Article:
FL Supreme Court ends longstanding education lawsuit, ruling against advocates fighting for better schools

high school classroom
High school classroom. Photo via pixabay.

The Florida Supreme Court on Friday ended a nearly 10-year-long education lawsuit, ruling against attorneys and advocacy groups fighting to improve education in Florida – particularly for poor minority students.

In the close 4-3 opinion, the High Court rejected the assertion that Florida’s K-12 education system violates the state’s Constitution, though lawyers had argued that Florida had failed to provide a high-quality education to all schoolchildren.

The Supreme Court’s decision also rested on concerns related to “judicial intrusion,” meaning which branches of government should be overseeing public school funding and policies. The Legislature, in particular, appropriates funding for schools across the state.

The Supreme Court’s ruling made it clear that the court would be opposed to intruding into the Legislature’s appropriations power and injecting itself into matters of education policy-making and oversight.

“We decline the invitation for the courts to overstep their bounds,” the ruling stated.

The majority opinion came from Chief Justice Charles Canady, Justices Al Lawson and Jorge Labarga, and associate justice Edward LaRose – a substitute for Justice Ricky Polston, who had recused himself.

The dissent came from the three retiring justices considered liberal-leaning – Barbara Pariente, Peggy Quince and Fred Lewis. They all joined the Supreme Court two decades ago. Pariente and Lewis were appointed by the late Democrat Gov. Lawton Chiles and Quince was appointed jointly by Chiles and Republican Gov. Jeb Bush.

Citizens for Strong Schools, Inc, and other plaintiffs who filed the lawsuit against the Florida Department of Education and other defendants, had hoped for a win.

But lead lawyer Jodi Siegel on Friday acknowledged that the longstanding case appears to be over for good.

The lawsuit launched in November 2009, with plaintiffs asserting that Florida’s K-12 system had violated the state’s Constitution. Attorneys said the state had failed to provide a uniform, efficient and high- quality system for public schools that would allow students to obtain a high-quality education.

The plaintiffs wanted the state to submit a remedial plan to fix deficiencies in the public school system.

Those deficiencies, according to the trial record, showed that “hundreds of thousands of children fail to pass required statewide assessments, thousands attend persistently low-performing schools, and achievement varies dependent on race, ethnicity, disability, geography or socioeconomic factors.”

In addition, “There are clear disparities among population groups and across school districts. Superintendents, school board members, and teachers from around the state testified that school districts do not have sufficient resources to establish the conditions necessary to deliver a high quality education for all students. Deficiencies in resources are statewide.”

However, the trial court highlighted the positives of Florida’s education system, saying:

“The weight of the evidence shows that the state has made education a top priority both in terms of implementation of research-based education policies and reforms, as well as education funding. The State has an accountability and assessment system that is rated among the best in the nation, resulting in more “A” graded schools over time. The State has also adopted rigorous teacher certification, training and evaluation standards, resulting in over 94% of courses being taught by teachers who are “highly qualified” under federal standards.”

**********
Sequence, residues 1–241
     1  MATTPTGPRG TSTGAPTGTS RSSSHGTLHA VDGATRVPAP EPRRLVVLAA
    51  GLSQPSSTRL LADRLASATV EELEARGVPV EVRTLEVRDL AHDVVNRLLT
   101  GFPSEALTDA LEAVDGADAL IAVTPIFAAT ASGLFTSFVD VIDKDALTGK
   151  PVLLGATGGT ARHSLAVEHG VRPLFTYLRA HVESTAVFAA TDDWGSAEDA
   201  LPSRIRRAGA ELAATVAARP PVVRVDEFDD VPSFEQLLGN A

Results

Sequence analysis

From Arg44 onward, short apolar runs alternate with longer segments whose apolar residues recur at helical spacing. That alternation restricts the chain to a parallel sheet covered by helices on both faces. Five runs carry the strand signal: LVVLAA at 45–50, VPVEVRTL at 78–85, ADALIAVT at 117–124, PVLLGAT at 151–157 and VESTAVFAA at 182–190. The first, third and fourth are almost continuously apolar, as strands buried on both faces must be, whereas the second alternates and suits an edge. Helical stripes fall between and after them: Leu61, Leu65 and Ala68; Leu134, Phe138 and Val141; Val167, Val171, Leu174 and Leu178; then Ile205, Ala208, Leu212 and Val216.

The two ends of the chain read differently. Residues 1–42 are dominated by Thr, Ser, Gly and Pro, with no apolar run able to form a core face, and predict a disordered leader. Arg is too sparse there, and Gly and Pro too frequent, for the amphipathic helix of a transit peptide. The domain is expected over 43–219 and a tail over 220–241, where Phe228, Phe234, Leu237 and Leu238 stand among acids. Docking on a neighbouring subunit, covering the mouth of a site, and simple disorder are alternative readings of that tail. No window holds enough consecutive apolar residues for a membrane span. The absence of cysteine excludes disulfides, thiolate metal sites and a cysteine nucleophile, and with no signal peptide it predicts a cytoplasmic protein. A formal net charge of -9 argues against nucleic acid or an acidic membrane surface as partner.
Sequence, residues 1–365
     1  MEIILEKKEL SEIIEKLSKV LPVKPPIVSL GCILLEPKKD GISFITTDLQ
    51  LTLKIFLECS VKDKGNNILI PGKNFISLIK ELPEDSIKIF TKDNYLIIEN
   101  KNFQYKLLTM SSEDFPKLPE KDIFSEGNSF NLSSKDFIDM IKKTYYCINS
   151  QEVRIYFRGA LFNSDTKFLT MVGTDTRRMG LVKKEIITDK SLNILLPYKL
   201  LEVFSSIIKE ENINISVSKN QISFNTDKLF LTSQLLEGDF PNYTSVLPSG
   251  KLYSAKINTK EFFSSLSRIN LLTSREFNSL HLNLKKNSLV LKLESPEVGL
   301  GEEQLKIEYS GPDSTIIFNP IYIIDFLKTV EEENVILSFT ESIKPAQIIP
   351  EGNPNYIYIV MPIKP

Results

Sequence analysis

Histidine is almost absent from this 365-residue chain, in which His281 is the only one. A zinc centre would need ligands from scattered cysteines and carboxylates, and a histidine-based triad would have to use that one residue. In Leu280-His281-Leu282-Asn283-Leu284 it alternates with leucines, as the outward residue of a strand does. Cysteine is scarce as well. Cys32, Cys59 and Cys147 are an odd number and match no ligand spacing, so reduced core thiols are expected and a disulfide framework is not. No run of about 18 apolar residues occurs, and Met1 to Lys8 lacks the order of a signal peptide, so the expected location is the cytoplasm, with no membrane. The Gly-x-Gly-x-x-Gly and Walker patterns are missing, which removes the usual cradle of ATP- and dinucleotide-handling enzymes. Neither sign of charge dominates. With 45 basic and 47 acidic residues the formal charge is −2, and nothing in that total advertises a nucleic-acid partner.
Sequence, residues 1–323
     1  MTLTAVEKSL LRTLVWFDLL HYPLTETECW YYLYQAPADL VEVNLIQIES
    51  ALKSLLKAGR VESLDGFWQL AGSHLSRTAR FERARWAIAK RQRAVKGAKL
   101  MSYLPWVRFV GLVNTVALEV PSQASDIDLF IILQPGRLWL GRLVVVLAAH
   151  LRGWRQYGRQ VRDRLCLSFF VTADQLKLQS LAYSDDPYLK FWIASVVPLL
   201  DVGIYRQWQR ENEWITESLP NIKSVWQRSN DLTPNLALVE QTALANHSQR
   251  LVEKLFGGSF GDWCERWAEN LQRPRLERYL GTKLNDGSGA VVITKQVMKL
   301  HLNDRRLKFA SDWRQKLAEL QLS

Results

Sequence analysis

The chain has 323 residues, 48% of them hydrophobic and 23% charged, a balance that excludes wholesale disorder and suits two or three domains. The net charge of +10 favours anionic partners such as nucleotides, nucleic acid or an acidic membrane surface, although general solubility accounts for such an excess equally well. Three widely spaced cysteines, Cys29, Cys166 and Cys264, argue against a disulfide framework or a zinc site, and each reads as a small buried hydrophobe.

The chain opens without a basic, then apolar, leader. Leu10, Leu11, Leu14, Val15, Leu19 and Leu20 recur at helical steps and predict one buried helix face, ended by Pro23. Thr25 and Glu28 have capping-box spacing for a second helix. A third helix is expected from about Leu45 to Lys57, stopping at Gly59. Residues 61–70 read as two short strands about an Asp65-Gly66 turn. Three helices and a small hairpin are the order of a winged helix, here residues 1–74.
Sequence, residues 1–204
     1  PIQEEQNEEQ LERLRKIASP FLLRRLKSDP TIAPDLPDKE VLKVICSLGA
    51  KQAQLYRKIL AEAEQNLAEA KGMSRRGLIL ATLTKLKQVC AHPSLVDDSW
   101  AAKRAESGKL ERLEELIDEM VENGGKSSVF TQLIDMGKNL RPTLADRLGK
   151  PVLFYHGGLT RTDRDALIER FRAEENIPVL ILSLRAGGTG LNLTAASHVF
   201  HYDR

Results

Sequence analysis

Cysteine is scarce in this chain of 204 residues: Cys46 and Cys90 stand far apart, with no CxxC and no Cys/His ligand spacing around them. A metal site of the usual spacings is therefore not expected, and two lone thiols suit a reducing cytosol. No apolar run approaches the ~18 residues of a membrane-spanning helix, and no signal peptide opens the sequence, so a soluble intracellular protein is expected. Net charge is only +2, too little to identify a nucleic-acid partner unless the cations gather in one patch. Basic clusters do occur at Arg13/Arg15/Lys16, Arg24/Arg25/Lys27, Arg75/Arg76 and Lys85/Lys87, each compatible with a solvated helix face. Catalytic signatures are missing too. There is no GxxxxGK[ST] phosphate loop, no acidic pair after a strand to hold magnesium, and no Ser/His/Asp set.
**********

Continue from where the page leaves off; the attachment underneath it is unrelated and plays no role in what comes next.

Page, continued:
In the end, the Florida Supreme Court went along with the views of the trial court and the First District Court of Appeals.

Justice Barbara Pariente provided a scathing dissent, saying, “With its decision today, the majority of this Court fails to provide any judicial remedy for the students who are at the center of this lawsuit—African-American students, Hispanic students, economically disadvantaged students, and students who attend school in poorer school districts or attend persistently low-performing schools.”

Meanwhile, Florida Senate President Bill Galvano praised the Supreme Court ruling, and issued a statement:

“I am pleased to see today’s ruling which for the third time affirms the constitutionality of policy and budget choices on education made by the Florida Legislature that have dramatically improved both parental choice and student performance over the last two decades. I am certain parents across our state are relieved to know that for a third time the attempts to deprive tens of thousands of children with unique abilities and children from low-income families of the educational opportunities their parents selected have been soundly defeated in a court of law. Separation of powers is a hallmark of our form of government, and I am pleased to see the Florida Supreme Court affirm that the responsibility to write the state budget lies with the Florida Legislature.”

 

Diane Rado
Diane Rado has covered state and local government and public schools in six states over some 30 years, focusing on policy and investigative stories as well as legislative and political reporting. She spent most of her career at the St. Petersburg (Tampa Bay) Times and the Chicago Tribune. She has a master’s degree in journalism from Northwestern University and did a fellowship in education reform at the University of Michigan in 1999-2000. She is married to a journalist and has three adult children.

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